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How To Revive Damaged Hair If It’s Looking & Feeling Grim

We probably all owe our hair an apology. From botched teenage dye jobs to DIY lockdown haircut attempts, we've all inflicted a fair share of pain onto our strands at some point.
So, after years of experimenting, it's probably a good idea to check in and assess whether it's time to switch up your hair care routine and give it the reset it needs — but where exactly do you start?
To get some further insight, we asked Rob Smith, Dyson's Senior Principal Scientist who leads the Dyson Hair Science Research team, to explain the different kinds of hair damage and how to best treat it to repair and protect.

What are the common signs of damaged hair? 

According to Smith, common signs that show the hair is becoming damaged include weakness and brittleness (increased susceptibility to breakage), extreme dryness, and the strands becoming rough.
He also cautioned that in the warmer months ahead, these signs might become more apparent as a result of activities like swimming in salt and chlorine water.

What sort of external factors contribute to damaged hair?

Smith noted that there are four main types of hair damage — mechanical, chemical, UV and thermal/heat damage. This means external factors like saltwater, chlorine, the sun and heat all damage hair differently.

Salt Water

According to Smith, saltwater can't physically change the hair. However, it can leave a layer of salt on the surface that increases strand friction and the risk of mechanical damage. This can cause the hair cuticle to be roughened or removed. Smith recommends combatting this by gently washing the salt and sand out of your hair with clean water as soon as possible after swimming.


Chlorine can make the hair rougher because of the way it reacts to hair cuticles. Some swimming pools also use copper algaecides to protect against algae, which can turn blonde and bleached hair slightly green.
Smith recommends washing your hair with a mild shampoo as soon as you can if you've been swimming in a pool with chlorine.

Heat Damage

Heat has a significant impact on hair. Straighteners that reach high temperatures can cause colour to fade as it changes the proteins in the hair. For example, this is what may cause dyed blonde hair to become more yellow and brassy.
In addition, the temperature can break down some of the dyes and damage the cuticle, making it easier for the dye to diffuse out during washing.
"From our extensive research, we understand that excessive heat from styling tools can cause irreversible damage. Despite many products on the market claiming to ‘repair damage’, this scientifically isn’t possible. These products simply improve the feel and appearance of the hair, yet the core damage is left unchanged," said Smith.
"The Dyson Corrale is the only hair straightener with flexing plate technology and the combination of its copper flexing plates and intelligent heat control, engineers it for less colour fade due to excessive heat."

Sun Damage

UV radiation, when absorbed in the hair, can break down its melanin in the cortex. Melanin gives the hair its colour and aims to protect you against UV damage.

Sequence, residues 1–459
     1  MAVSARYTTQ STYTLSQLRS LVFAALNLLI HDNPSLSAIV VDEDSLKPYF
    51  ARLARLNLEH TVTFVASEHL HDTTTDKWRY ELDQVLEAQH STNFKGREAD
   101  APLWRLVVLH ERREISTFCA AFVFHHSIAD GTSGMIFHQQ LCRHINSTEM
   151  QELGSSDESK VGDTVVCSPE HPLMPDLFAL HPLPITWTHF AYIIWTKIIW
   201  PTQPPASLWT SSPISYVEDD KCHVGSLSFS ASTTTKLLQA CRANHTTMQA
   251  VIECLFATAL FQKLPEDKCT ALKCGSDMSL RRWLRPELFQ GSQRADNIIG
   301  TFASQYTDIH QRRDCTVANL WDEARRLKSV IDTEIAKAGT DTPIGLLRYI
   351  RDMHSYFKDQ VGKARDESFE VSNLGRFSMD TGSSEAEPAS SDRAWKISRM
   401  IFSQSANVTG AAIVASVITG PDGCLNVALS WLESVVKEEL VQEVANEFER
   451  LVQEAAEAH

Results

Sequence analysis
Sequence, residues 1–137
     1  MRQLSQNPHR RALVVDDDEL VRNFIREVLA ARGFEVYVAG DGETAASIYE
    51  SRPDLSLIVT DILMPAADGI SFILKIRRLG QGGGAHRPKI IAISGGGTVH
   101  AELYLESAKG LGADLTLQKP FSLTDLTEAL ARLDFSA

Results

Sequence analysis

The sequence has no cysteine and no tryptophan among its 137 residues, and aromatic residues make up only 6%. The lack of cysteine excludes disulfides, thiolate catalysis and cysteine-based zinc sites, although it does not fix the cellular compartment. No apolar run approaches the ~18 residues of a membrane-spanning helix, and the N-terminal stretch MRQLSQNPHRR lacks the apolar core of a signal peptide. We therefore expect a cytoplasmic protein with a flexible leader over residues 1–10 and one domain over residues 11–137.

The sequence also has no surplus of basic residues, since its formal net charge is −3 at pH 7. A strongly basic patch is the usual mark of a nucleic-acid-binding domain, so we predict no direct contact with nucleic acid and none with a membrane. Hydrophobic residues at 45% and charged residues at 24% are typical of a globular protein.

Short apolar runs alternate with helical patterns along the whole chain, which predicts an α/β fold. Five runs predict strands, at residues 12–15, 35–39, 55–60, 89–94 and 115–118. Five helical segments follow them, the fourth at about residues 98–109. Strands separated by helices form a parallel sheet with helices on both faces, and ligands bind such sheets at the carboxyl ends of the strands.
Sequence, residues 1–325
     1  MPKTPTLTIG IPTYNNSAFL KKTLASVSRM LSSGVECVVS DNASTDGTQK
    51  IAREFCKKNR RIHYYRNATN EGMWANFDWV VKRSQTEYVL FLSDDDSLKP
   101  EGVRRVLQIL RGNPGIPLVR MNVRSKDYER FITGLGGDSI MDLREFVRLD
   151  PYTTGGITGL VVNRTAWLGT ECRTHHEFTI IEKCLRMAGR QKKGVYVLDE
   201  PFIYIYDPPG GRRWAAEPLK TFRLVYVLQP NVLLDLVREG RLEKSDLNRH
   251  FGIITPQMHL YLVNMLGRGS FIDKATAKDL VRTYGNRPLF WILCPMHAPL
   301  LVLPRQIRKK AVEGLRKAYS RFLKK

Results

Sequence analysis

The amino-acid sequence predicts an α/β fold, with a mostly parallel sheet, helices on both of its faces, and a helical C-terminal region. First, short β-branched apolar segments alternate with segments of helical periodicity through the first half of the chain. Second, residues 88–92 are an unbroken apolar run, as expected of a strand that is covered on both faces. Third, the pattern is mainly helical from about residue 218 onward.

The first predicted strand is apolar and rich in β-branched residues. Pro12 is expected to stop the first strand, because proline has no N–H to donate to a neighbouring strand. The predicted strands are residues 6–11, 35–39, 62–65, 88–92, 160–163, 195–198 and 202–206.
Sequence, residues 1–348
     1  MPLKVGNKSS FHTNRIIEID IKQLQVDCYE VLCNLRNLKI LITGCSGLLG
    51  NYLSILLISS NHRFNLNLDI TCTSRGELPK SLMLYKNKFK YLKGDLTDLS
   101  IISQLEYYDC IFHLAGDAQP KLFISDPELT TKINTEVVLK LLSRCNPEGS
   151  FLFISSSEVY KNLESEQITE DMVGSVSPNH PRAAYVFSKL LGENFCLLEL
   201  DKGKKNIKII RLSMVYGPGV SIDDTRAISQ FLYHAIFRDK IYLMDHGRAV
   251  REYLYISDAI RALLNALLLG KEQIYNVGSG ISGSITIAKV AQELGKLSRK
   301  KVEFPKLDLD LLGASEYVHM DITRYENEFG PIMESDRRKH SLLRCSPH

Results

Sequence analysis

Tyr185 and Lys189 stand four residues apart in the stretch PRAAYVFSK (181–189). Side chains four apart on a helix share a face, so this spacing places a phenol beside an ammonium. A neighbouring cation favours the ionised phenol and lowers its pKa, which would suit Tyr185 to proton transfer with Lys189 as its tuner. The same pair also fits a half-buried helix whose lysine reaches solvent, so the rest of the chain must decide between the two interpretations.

To help protect and keep the intensity of your natural colour, Smith suggested applying a sunscreen formulated for hair before spending an extended period of time in the sun. Alternatively, wearing a hat can also helpfully block harmful UV radiation.
"It’s essential to prioritise UV protection in the summer months, ensuring that your scalp is protected against damage. We’re often preoccupied with caring for exposed skin and forget about the importance of maintaining scalp and hair health too," added Smith.
"Expand your daily beauty routine to accommodate this, with products like sunscreens that have been formulated specifically for hair or scalp, and minimising exposure especially when UV levels are highest."

Chemical Damage

Treatments like colouring, bleaching or perming the hair have the potential for damage because they can aggressively break the bonds in the hair’s cortex and cuticle. Although these treatments are super effective, they damage hair and leave it feeling rough. You can help keep dyed hair looking vibrant by using drying and styling devices that are engineered to prevent extreme heat.

What's the best way to treat and protect damaged hair?

Smith recommends prioritising the following steps in your hair care routine to protect hair against damage:
1. Conditioning with every wash to reduce signs of damage in future.
2. Using a wide-tooth comb works well to reduce friction and mechanical damage when your hair is wet and much weaker. He also recommends brushing downwards, starting from the ends of the hair to remove tangles.
3. Using a mild shampoo that contains ingredients like Cocamidopropyl betaine that can help reduce irritation.
"The best way to avoid compromising the health of your hair is to forgo repeated styling with extreme heat. Using extreme heat can be a significant contributor to hair damage, including weakening the hair and making it more susceptible to breakage and split ends," said Smith.
While it might seem like an overwhelming process to protect your hair from damage, it is possible. The good thing is, most of the steps required to properly protect hair are probably already part of your hair care routine (like conditioning and brushing) — it's just about investing in the right haircare tools and products and using them in a way that works for you and your hair type. After all, things like fresh ocean swims or trying out a new colour are some of the most satisfying parts of life — but missing out on them in name of strand-health would just be wrong.

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